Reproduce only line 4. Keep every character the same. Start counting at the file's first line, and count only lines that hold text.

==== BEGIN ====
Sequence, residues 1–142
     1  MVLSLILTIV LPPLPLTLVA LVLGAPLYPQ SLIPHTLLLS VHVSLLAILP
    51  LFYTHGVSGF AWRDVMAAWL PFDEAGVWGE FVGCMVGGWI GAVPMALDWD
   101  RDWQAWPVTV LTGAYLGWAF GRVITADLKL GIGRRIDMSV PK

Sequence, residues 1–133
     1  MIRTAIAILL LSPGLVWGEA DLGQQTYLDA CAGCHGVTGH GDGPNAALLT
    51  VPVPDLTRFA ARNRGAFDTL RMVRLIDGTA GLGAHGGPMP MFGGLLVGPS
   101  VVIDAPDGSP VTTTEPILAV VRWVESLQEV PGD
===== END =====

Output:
   101  RDWQAWPVTV LTGAYLGWAF GRVITADLKL GIGRRIDMSV PK